Balto. County officer kills man in theft of police car

Shooting follows chase in Lutherville

January 04, 2002|By Gerard Shields and Dennis O'Brien | Gerard Shields and Dennis O'Brien,SUN STAFF

In an early-morning shooting that rattled a quiet suburban neighborhood, a Baltimore County police officer killed a 21-year-old man who had stolen a police cruiser and triggered a chase across Lutherville.

Damien J. Fox of Upper Marlboro was shot after he crashed the cruiser into two parked cars, rammed police cruisers that had boxed him in and refused to obey an order to get out of the car, police said. He was pronounced dead at the scene.

The chase ended shortly after 3 a.m. in front of Larry Goss' house at 1022 Jamieson Road in Lutherville. Goss was awakened by the sound of gunfire and looked out his window.

"It was pretty confusing seeing three officers in the middle of the street with their guns drawn, pointing [them] at another police car," Goss said.

Fox, whose last known address is the 100 block of Big Chimney Branch, was shot by Officer Joseph C. Smith, a 21-year veteran of the department. Police said Smith fired several shots, though it's not clear how many. Police also did not know how many times Fox was hit.

The cruiser in which Fox was riding contained a police shotgun, said Lt. Kevin Novak, a department spokesman. A preliminary investigation showed Fox was not carrying a weapon, he added.

The incident began about 3 a.m., when Fox was pulled over, accused of speeding on Seminary Avenue and Charmuth Road. After stepping from his car, Fox attacked Officer Benjamin P. Yohe, who had been operating a radar gun, and jumped into Yohe's cruiser, which was parked nearby, police said.

"It was really rather violent," Novak said. "The officer was knocked down."

Fox headed west on Seminary Avenue, dragging Yohe, who had tried to reach into the cruiser window to stop the car, for several yards. Yohe, a 31-year veteran, used his radio to alert other officers in the area to be on the lookout for the patrol car, whose overhead lights were flashing, police said.

Two officers in separate cruisers saw Fox cross York Road on Seminary Avenue and began chasing him. He turned left onto Jamieson Road, rode across a lawn, crashed through a white wooden fence and knocked down a street sign, police said. The cruisers boxed in Fox after he struck two parked cars.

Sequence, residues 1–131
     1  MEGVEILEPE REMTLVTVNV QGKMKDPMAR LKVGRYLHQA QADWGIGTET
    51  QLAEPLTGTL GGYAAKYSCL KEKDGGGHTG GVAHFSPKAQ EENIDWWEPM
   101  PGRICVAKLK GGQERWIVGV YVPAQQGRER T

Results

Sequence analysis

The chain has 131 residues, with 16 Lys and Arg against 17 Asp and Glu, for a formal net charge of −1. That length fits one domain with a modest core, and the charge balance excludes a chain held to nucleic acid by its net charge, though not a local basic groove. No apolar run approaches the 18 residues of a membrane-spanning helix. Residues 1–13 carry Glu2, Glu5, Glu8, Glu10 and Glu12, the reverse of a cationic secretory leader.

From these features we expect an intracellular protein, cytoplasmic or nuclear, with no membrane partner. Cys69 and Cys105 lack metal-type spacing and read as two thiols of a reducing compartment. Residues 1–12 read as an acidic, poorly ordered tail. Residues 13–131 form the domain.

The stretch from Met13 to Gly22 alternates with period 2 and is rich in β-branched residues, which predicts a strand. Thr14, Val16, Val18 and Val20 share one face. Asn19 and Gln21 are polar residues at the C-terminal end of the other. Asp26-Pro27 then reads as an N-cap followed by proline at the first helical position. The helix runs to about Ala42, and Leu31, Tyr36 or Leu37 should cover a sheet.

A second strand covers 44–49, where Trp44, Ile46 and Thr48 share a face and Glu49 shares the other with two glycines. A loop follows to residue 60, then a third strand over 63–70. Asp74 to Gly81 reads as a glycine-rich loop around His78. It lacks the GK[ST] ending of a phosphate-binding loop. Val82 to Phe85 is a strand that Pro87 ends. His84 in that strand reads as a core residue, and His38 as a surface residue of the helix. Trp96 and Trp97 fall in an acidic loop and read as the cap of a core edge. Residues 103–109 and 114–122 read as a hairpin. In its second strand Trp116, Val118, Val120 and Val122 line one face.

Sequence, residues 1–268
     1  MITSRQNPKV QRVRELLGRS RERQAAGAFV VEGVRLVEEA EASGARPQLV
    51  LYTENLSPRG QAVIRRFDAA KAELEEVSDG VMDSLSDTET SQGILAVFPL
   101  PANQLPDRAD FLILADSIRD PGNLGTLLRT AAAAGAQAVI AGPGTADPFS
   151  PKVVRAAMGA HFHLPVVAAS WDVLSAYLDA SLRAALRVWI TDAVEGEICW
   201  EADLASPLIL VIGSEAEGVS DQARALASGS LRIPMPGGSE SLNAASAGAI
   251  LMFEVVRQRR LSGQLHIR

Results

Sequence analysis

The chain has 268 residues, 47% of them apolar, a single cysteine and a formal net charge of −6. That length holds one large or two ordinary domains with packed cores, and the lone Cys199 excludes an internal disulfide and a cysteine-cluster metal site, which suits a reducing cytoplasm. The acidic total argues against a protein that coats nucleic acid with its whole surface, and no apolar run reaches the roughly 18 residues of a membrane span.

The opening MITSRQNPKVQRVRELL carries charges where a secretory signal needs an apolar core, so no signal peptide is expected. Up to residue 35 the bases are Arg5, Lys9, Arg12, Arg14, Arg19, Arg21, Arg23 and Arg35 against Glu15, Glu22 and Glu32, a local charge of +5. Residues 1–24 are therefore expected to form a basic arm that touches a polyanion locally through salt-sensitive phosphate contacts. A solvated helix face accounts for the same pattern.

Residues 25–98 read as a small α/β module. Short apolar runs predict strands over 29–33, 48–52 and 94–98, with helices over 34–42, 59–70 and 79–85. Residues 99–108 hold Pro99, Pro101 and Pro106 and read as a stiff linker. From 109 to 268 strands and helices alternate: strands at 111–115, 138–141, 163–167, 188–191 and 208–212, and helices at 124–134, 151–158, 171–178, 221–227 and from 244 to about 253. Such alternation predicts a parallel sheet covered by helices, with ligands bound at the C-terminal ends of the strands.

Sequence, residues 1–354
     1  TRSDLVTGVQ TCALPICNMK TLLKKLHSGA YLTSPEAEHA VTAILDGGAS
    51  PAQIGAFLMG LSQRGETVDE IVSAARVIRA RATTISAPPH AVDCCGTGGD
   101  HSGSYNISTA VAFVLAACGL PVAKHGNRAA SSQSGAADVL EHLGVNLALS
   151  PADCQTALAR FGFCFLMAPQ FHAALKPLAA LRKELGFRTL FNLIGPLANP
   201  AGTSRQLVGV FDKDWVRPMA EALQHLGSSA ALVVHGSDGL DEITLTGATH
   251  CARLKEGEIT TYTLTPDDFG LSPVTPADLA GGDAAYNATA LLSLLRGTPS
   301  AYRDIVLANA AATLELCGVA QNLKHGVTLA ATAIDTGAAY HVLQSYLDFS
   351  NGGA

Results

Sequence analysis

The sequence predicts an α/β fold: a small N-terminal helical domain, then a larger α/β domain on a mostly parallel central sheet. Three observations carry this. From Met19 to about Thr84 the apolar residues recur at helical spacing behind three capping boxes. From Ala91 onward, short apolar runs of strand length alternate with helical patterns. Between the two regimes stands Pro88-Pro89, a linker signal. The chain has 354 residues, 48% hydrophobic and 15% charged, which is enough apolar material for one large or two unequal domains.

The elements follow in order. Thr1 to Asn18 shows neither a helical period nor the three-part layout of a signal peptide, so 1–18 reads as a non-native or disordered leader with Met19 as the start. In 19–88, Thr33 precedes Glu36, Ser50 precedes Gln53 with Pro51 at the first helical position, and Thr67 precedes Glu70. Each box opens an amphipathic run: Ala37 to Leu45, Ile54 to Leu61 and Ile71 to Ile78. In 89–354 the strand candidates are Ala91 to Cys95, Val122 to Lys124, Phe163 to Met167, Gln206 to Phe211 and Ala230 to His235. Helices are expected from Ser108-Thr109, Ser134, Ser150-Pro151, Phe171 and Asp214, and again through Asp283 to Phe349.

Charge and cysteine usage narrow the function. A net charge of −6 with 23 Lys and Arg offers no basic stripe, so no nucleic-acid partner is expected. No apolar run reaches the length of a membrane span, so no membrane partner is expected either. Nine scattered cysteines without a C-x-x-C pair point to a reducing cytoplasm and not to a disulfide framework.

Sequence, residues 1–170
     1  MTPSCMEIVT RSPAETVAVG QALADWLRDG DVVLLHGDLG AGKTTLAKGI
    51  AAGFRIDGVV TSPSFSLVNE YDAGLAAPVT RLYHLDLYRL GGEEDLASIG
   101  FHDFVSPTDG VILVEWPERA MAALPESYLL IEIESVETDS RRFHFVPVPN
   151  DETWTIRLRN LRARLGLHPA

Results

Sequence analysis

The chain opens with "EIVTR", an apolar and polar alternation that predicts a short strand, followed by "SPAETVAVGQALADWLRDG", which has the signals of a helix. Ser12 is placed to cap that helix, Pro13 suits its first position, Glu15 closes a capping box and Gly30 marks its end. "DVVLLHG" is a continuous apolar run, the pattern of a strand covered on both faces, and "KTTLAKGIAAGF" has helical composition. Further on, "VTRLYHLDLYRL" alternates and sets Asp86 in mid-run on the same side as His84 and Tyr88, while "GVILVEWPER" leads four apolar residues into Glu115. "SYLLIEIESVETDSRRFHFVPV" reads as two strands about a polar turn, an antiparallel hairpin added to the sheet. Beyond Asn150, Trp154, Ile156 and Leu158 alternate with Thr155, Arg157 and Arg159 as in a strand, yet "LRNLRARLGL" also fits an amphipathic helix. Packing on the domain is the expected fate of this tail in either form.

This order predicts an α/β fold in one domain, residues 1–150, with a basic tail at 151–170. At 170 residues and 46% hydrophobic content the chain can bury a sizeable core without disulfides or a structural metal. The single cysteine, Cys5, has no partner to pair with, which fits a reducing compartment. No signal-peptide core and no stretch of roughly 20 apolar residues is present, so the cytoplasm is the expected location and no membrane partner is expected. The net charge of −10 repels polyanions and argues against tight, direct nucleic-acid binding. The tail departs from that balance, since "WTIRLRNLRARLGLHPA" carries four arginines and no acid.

Fox refused to obey repeated orders to get out of the car, and Smith's "observations of the suspect's actions" led him to fire several rounds into the patrol car in which Fox was sitting, Novak said.

Yohe was taken to Greater Baltimore Medical Center, where he was treated for minor cuts and bruises and released.

The shooting will be investigated by the department's homicide division, which will send its findings to the state's attorney's office for review, Novak said. Smith is on routine administrative leave while the investigation continues.

County court records show that Fox has an extensive criminal history dating to November 1999, when he was charged with robbery after he followed a dancer from a club in Washington.

The dancer, Michelle Patricia Duncan, pulled into the Woodlawn Precinct about 3 a.m. after calling police on her cellular telephone. Officers who followed Fox's car found a knife on the seat next to his right leg, according to a police affidavit.

A passenger in the car told police that Fox had followed Duncan with the intention of robbing her, court records show.

Duncan said yesterday that she was afraid of Fox.

"It's bad to say, but I feel slightly easier that he's not out there," she said.

Fox was convicted of robbery and sentenced by Baltimore County Circuit Judge Kathleen Cox to seven years with all but nine months suspended, according to court records.

Cox agreed to recommend that Fox serve his sentence on work release, but officials at the Baltimore County Detention Center later told the judge that he was terminated from a work detail "for not following directions."

In a letter Aug. 31, 2000, Fox asked the judge to reduce his sentence, saying that he was sorry for his crime and that he planned to go to college. Fox wrote that he "has recognized the impact of his hideous actions towards those directly related to this offense."

He was released but arrested in August on a marijuana possession charge. That led probation officials to recommend that Fox be sent back to prison to serve out his term. A warrant for his arrest was issued in November. The trial in the marijuana case was set for Jan. 15.

Court records also show that he was indicted by a Baltimore County grand jury Dec. 20 on eight counts of burglary and attempted burglary. Fox was accused of breaking into two apartments in the 8500 block of Heathrow Court in Fullerton.

Russell Neverdon, Fox's attorney in the 1999 robbery case, described Fox yesterday as an articulate but troubled youth. He said Fox had planned to enter the military when he was released from jail.

"Structure and discipline where something that he himself acknowledged he needed in his life," Neverdon said.

Attempts to reach Fox's family yesterday were unsuccessful.

Homeowners on Jamieson Road were shaken by the incident, even though some were not immediately aware of what had happened.

The stolen cruiser crashed into the fence in the front yard of Edith Reiter's house at 900 Jamieson Road, but she didn't wake up.

Yesterday afternoon, Reiter, 73, looked over the splintered wreckage and a bent street sign on her lawn. Muddy tire tracks showed the cruiser's path.

"I'm flabbergasted," said Reiter, who sleeps in the back of the house. "He had to be going really fast to take out that fence. We're lucky he didn't hit the house."

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